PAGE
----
Sea Radish

Sea Radish
Sea Radish

I thought we should take a walk on the wild side in our Flower a Day posting, with this wild Sea Radish scene from last summer. These were growing on the verge and were so impressive in their numbers, that, though tiny they easily captured my attention. I don’t usually have the same colour featured in subsequent posts, but with the rather gloomy weather we’ve had lately, I wanted more sunshine, so here they are for us all. I hope in their airy carefree abandonment they might make our day feel a little lighter. With them I send a warm hug to all.
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6 Responses

  1. It is a bright colour and Lovely burst of sunshine. Were they close to the shore and this the name. Hugs to you.

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    1. Thanks Linda. No, these were by the skating rink in Canning! Although technically we are not that far from the shore, I guess. I’m glad you like it.

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  2. This plant evokes another suppressed interest of mine (spurred by my father’s) of wild edibles. Unlike the wild carrot family (remember Queen Anne’s Lace) whose members are mostly poisonous and therefore not edible, wild radish is a member of the cabbage family whose members are mostly edible. This particular version seems to be without leaves but I think you want to include those in your salad too, along with the rays of sunshine the blooms give. Nature at its best – simple floral forms with tasty offerings as a treat. Doesn’t get much better than that in my book. Thank you, Ellie.

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    1. Thanks for recognising the hidden heroes in the plant world, Janet! They may not have the flamboyant beauty so admired by all, but when you want something to eat, beauty is not the main criteria. And does it lack beauty anyway? Not a bit! It just takes a discerning eye (and palate) to appreciate it. I have begun myself to recognise the brassica family’s many members and have a new appreciation for all of them. Did you know that if you are eating cooked brassicas, in order to make the sulfarophane, a handy cancer fighting compound available, either chop it up well in advance, or just add a little of the raw cruciferous family to the cooked vegetable – even a pinch of mustard powder will do it! Info here: https://nutritionfacts.org/video/second-strategy-to-cooking-broccoli/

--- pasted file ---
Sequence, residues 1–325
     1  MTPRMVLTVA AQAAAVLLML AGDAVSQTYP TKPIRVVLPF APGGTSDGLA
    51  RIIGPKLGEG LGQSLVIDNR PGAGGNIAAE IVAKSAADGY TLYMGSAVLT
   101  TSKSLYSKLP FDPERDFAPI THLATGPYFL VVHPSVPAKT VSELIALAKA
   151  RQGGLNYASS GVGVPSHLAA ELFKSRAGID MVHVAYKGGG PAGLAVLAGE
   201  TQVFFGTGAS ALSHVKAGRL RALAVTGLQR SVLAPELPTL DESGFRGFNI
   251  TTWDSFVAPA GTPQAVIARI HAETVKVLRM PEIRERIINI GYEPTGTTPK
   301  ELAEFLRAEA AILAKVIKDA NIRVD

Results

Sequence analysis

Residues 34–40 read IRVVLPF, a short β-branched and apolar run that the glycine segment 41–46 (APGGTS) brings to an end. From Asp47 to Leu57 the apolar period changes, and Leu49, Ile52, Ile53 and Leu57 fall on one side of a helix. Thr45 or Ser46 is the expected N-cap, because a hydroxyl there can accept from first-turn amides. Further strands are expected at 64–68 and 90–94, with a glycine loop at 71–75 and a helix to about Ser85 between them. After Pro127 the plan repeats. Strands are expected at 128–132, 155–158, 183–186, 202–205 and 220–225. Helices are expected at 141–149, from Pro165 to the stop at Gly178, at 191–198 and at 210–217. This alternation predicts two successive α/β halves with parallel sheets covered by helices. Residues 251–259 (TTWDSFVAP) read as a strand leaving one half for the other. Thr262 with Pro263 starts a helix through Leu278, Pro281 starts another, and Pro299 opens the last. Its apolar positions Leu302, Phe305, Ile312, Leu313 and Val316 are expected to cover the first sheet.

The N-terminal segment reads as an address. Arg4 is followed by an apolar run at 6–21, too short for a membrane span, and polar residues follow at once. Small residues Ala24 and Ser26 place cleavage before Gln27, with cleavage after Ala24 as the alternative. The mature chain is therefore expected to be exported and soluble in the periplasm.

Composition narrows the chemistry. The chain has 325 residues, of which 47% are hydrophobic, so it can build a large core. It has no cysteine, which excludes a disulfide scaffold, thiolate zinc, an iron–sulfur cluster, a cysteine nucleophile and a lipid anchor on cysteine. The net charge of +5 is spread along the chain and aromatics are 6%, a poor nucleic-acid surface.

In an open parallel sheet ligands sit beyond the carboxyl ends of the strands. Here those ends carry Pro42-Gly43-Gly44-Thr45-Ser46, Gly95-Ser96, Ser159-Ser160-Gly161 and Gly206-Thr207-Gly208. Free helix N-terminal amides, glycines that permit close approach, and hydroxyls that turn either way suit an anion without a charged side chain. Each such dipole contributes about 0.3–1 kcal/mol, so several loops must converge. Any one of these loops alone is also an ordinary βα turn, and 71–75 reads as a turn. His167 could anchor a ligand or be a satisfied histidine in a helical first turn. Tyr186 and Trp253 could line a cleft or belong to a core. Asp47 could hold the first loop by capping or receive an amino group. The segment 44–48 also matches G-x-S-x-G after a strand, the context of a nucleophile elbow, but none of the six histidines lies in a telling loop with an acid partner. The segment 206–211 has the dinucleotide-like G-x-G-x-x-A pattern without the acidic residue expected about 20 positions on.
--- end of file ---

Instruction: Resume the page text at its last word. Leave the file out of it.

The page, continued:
Thanks again!

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  3. Didn’t really go for the Wild Sea Radish …. but the warm hug went over well … Raining here too and we have had a virus alert because of ONE case and so they locked down most of the city … ridiculous . Gym closed and my bowls for Saturday and Sunday cancelled .. need some flower power for sure .. cheers

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    1. Thanks Len. Not every flower will be a favourite of everyone, that’s for sure, I understand.
      Sorry to hear about the outbreak. 1 will lead to more, so better safe than sorry while it’s easy to contain. But it’s too bad about the bowls. Get your own gym at home! 😉 Take care. More hugs.

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